You have to ovulate. To get pregnant, your ovaries must deliver and discharge an egg, a procedure known as ovulation. Your specialist can help assess your menstrual cycles and affirm ovulation.
Your partner needs sperm. For most couples, this is certifiably not an issue except if your partner has a background marked by disease or medical procedure. Your specialist can run some basic tests to assess the soundness of your partner’s sperm.
You need to have regular sexual intercourse. Intercourse must take place during your most fertile time. Ask your specialist to help you determine when this will be.
You need to have open fallopian tubes and a healthy uterus. The sperm and egg meet in the fallopian tubes and a sound uterus is essential for the embryo to implant and grow.
THE WORLD HEALTH ORGANISATION DESCRIBES INFERTILITY AS “A DISEASE OF THE REPRODUCTIVE SYSTEM DEFINED BY
THE FAILURE TO ACHIEVE A CLINICAL PREGNANCY AFTER 12 MONTHS OR MORE OF REGULAR UNPROTECTED SEXUAL INTERCOURSE.
HAVING SEX AT LEAST 3-4x PER WEEK INCREASES YOUR CHANCES OF HITTING FERTILE DAYS...
FREQUENT SEX ALSO IMPROVES THE HEALTH OF SPERM
AND 1/3 BOTH
MALE AND FEMALE
< 39 Years
there are many potential causes. Your overall health and your menstrual history should be carefully examined to help identify any potential risks. As well as a thorough gynaecological examination that can rule out any physical conditions that may be present that can hinder fertility as well as pregnancy later on.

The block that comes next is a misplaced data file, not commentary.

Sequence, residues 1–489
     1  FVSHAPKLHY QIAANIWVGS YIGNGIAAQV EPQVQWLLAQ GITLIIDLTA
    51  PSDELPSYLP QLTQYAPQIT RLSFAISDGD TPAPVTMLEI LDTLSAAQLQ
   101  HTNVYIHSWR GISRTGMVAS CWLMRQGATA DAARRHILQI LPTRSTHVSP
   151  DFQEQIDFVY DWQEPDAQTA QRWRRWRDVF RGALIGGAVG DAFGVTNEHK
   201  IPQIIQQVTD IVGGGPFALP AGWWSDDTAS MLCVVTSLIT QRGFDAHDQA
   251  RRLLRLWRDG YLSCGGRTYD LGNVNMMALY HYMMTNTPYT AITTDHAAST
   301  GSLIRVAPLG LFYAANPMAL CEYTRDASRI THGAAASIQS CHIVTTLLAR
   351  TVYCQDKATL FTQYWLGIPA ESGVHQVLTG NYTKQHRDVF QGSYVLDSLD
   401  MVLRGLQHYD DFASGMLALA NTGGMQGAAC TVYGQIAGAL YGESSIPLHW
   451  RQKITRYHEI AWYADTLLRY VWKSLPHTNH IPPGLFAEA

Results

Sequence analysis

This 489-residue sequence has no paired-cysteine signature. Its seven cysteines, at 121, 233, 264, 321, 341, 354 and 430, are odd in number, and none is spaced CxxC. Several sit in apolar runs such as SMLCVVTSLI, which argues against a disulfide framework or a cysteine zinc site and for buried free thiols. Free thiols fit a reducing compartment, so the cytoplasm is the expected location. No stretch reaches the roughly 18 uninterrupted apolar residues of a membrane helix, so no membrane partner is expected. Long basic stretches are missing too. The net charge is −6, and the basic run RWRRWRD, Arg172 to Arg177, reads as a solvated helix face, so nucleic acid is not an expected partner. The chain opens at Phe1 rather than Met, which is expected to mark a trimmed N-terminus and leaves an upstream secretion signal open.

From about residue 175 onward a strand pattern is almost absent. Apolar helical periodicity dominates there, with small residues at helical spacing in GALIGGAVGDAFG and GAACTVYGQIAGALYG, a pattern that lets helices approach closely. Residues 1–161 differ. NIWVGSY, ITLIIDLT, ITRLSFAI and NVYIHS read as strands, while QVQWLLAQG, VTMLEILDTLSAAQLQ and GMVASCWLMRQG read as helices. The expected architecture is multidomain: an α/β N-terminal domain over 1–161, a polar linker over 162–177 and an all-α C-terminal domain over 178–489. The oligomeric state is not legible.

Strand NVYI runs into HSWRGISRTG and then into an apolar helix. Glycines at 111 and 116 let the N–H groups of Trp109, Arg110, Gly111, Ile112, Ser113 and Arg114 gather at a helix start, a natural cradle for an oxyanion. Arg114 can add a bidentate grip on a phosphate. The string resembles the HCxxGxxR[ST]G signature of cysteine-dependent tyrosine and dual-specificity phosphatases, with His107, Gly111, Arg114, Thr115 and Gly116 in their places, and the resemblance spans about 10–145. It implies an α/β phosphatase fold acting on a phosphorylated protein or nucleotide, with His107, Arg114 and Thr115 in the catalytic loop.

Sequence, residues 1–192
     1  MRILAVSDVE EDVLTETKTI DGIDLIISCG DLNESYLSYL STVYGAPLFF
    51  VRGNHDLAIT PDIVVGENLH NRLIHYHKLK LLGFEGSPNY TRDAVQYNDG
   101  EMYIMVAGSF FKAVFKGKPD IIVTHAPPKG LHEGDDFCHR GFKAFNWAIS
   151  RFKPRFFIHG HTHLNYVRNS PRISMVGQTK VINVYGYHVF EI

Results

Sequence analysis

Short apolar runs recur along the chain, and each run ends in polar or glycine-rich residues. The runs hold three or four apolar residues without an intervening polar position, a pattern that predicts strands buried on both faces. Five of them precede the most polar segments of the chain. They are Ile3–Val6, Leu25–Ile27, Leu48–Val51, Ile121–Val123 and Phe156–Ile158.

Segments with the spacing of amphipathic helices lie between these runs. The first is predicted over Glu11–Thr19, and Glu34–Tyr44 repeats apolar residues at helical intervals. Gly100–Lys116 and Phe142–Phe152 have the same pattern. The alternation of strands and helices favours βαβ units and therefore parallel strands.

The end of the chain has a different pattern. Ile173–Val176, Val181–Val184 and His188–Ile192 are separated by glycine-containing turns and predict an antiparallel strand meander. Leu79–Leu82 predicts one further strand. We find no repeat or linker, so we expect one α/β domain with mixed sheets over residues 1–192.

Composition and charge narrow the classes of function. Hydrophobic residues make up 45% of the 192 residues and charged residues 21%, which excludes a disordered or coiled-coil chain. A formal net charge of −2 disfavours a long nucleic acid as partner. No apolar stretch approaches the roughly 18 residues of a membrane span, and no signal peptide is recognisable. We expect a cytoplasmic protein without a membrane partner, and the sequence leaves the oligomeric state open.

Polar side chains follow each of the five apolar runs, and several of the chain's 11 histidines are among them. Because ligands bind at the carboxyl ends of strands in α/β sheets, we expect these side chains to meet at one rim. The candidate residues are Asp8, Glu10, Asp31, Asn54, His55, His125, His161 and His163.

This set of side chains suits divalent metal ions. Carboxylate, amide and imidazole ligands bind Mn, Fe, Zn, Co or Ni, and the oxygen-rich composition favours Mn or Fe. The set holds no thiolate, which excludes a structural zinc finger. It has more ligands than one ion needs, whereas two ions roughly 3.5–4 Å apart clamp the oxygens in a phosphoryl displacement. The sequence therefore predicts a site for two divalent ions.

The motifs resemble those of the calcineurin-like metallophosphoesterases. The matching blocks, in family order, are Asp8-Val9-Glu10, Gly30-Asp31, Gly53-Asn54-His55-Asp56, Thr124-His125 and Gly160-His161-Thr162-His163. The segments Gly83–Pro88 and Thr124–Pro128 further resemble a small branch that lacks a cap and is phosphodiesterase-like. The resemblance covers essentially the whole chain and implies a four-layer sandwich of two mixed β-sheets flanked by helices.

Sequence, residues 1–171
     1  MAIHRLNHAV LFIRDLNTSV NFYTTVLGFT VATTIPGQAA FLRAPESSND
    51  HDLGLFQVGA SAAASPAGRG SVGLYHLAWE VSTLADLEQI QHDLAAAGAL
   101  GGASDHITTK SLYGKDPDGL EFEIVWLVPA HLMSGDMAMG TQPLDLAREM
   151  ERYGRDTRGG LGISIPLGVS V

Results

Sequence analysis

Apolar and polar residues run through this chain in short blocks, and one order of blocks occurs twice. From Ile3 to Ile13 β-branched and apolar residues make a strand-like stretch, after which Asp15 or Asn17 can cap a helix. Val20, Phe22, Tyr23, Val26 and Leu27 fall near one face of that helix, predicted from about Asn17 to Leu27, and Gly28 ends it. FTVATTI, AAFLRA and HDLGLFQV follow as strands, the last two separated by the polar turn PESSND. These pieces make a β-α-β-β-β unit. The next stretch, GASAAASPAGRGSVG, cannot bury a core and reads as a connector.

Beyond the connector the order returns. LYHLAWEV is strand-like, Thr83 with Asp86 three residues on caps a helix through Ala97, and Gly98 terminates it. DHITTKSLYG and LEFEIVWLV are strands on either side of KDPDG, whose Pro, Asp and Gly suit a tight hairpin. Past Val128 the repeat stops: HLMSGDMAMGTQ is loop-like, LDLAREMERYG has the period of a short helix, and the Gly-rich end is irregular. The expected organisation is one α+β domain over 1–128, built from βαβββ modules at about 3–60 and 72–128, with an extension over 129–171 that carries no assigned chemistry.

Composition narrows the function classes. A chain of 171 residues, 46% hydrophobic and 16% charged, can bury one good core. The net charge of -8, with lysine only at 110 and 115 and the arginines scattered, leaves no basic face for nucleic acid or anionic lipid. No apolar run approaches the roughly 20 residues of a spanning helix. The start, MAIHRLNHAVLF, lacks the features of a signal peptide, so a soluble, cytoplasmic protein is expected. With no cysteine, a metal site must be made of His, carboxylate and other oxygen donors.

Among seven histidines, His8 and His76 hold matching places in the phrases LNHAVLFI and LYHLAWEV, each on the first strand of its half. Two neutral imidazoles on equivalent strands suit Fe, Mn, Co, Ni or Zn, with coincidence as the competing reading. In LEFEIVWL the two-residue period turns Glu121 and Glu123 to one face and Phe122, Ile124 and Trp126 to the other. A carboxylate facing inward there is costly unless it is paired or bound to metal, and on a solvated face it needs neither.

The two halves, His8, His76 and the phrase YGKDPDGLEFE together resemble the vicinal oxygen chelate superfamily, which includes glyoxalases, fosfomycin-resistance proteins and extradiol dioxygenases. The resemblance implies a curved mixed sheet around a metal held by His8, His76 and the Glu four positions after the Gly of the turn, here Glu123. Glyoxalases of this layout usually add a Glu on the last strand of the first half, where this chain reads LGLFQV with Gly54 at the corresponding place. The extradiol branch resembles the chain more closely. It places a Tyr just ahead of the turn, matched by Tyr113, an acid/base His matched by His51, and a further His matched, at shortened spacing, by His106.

GYNAECOLOGICAL SCREENING SHOULD BE DONE TO RULE OUT THE FOLLOWING:
Potential pelvic scarring. Blockage of fallopian tubes. Blockage of fertilised egg implantation in uterus.
Potential pelvic scarring and PID Fallopian tube infection. Damage to fallopian tubes, uterus, and surrounding tissues
Raises androgen levels. Affects ovulation (development and release of eggs).
Scarring of the reproductive tract in both men & women. Pelvic adhesions. Fallopian tube blockages. Uterine anomalies. Infection in the uterus, fallopian tubes or ovaries.
Potential bacterial spread to the uterus and fallopian tubes causing PID.
The life cycle of sperm life is about 42 days long. A typical ejaculate contains approximately one teaspoon of semen or 250 million sperm. Only 50 to 100 sperm reach the fallopian tubes after sex
This is varicose veins in the scrotum and are one of the main causes of male infertility
This is the shape of the sperm. To avoid potential problems with male fertility, men should keep their testes cool
This is the movement of the sperm. Fatherhood should not be delayed too long by men as sperm volume decreases as men get older and becomes more sluggish
with high levels of mercury. It’s toxic to the developing fetus and can take a year to leave the body
excess meat, soft drinks, fast food, and sweets as they can all negatively affect fertility
hat can cause poor sperm quality in men who eat a lot of it, especially when trying to conceive
that affects blood sugar and insulin levels and ultimately fertility
that increase blood sugar and insulin levels and disrupt hormone balance, affecting ovulation